What the world’s leaders should really do and see in Cornwall while visiting for the G7 summit

Mousehole, near Penzance
Mousehole, near Penzance
15:14pm, Wed 09 Jun 2021
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As world leaders descend on Carbis Bay in Cornwall for the G7 summit, we realise there will be more on their minds than a post-lockdown weekend away.

But though the local beaches and a spot of surfing probably won’t be high on the agenda for the likes of US President Joe Biden, French President Emmanuel Macron and German Chancellor Angela Merkel as they meet to discuss the globe’s biggest problems (yes, there are quite a few), it does seem a bit of a shame – Cornwall is such a fantastic place.

So here’s how they could spend any quieter moments during the summit, whether they are culture vultures or unlikely beach bums…

The tourist trail

Let’s start with the must-sees that should top every visitor’s to do list.

With climate change high on the agenda, the Eden Project might prove a suitably green destination for Biden and co., its famous biodomes housing thousands of plants both exotic and ordinary. The tropical rainforest biome should enthral all seven world leaders, though the neighbouring Mediterranean forest biome may be more familiar to some.

The island of St Michael’s Mount might provide a little piece of home for Emmanuel Macron at least – a Cornish counterpart to Mont-Saint-Michel in Normandy. Both islands are accessible from the mainland depending on the tide, and sport conical mounds topped with medieval abbeys.

St Michael’s Mount Marazion Cornwall England UK

And should they have time to visit Land’s End, there are stunning panoramas, as the Cornish cliffs give way to unbroken ocean that stretches all the way back to the homelands of Biden and Canada’s Prime Minister Justin Trudeau.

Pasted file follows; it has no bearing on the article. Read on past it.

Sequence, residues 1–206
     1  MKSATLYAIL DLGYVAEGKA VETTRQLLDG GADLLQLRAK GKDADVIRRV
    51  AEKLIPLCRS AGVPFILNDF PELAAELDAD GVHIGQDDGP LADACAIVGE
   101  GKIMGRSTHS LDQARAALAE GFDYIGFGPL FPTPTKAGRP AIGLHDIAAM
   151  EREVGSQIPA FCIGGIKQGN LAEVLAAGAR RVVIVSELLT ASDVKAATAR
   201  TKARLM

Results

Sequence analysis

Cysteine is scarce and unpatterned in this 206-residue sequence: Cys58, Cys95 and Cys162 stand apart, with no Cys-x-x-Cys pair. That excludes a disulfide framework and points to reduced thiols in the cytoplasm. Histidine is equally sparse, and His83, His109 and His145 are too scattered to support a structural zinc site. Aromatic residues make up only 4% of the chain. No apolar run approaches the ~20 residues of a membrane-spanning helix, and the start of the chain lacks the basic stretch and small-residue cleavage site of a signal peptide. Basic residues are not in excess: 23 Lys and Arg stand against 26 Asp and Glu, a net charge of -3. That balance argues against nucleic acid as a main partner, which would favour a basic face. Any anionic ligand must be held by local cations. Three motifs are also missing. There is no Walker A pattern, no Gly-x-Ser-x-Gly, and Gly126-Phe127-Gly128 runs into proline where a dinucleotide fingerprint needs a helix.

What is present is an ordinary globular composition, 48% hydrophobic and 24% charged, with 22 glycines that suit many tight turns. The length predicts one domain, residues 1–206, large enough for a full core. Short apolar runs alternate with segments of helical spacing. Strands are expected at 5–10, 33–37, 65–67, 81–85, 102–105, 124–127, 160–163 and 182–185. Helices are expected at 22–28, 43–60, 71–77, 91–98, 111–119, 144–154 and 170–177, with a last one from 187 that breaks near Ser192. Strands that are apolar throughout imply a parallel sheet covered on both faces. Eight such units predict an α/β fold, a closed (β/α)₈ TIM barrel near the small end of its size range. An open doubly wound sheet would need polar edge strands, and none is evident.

Natural wonders

If Cornwall is known for one thing, it’s coastal scenery, and even the busiest head of state must like to be beside the seaside once in a while.

They may not host the world’s warmest beaches, but Cornwall’s shorelines compensate with plenty of sand and an abundance of rugged beauty. Porthcurno Beach is well-known for postcard-perfect vistas and Caribbean-blue waters, while Gyllyngvase Beach near Falmouth is a go-to for swimming.

Best in show is probably Kynance Cove, a gloriously evocative mix of moss-covered rock formations, pure-white sand, and green-tinted sea.

The entire county is ringed by the South West Coast Path, a walking trail that runs directly through Carbis Bay, and is the country’s longest footpath totalling more than 1,000 kilometres. The path, beloved by ramblers, snakes along the shoreline, around headland, cove and cliff.

Cornwall is also the jumping off point for trips to the Scilly Isles – a temperate archipelago a little way off Porthcurno, that boasts one of Britain’s finest tropical gardens.

Coastal living

Sometimes called the gem in Cornwall’s crown (at least by its tour guides), the cobbled streets of St Ives punch culturally well above their weight, and are barely a stone’s throw from the G7 summit. The St Ives branch of the Tate Gallery opened in 1993 – a major coup for the town – close to the Barbara Hepworth Museum and Sculpture Garden.

St Ive's

The classic seaside town of Padstow – a fishing port with a typically picturesque waterfront – is synonymous with seafood dinners, thanks in part to the celebrity chef and restaurateur Rick Stein. He opened his first eatery by the harbour in the 1970s, and still runs four venues in the town.

Famously pretty Penzance is thankfully pirate-free, but it has a little bit of almost everything else, from Victorian manor houses to ancient stone circles, and an art deco lido that’s the largest of its kind in Britain. Nearby fishing village Mousehole was described by poet Dylan Thomas as ‘the loveliest village in England’, and retains its rustic, stone chimney-charm.

Though we can’t imagine the leaders shredding too many waves, Cornwall is also known for its superb surfing scene. Check out Polzeath Beach, Porthtowan Beach, and Fistral Beach near Newquay.

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